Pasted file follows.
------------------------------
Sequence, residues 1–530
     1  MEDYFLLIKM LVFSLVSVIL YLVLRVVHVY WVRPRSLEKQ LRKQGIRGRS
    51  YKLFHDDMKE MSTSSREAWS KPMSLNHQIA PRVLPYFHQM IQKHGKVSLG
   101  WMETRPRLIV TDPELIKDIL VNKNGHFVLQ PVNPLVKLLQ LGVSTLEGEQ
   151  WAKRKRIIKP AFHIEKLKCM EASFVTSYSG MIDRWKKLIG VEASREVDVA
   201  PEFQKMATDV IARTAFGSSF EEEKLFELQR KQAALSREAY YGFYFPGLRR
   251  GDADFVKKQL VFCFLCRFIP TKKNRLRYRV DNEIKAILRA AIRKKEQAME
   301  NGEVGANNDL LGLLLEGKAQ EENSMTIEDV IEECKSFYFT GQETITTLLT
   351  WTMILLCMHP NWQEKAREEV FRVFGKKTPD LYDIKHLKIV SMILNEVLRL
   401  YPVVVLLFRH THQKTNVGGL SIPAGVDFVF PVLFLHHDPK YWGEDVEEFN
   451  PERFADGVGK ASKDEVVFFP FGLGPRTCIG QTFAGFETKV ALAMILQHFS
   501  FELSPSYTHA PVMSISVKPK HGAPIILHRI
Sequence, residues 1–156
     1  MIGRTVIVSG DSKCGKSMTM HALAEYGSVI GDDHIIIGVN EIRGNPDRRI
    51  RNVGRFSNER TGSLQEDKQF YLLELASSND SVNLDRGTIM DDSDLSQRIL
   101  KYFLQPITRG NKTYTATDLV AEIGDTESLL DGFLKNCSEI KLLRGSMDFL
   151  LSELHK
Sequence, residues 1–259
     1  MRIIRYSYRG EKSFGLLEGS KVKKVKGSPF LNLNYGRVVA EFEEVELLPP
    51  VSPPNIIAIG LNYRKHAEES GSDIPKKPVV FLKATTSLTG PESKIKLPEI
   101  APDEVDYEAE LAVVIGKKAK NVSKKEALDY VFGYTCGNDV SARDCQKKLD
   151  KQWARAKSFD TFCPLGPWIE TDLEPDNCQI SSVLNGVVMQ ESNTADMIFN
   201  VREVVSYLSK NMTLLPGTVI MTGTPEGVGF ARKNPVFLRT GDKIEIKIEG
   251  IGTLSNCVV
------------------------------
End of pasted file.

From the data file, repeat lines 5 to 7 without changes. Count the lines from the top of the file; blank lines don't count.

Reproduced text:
   151  WAKRKRIIKP AFHIEKLKCM EASFVTSYSG MIDRWKKLIG VEASREVDVA
   201  PEFQKMATDV IARTAFGSSF EEEKLFELQR KQAALSREAY YGFYFPGLRR
   251  GDADFVKKQL VFCFLCRFIP TKKNRLRYRV DNEIKAILRA AIRKKEQAME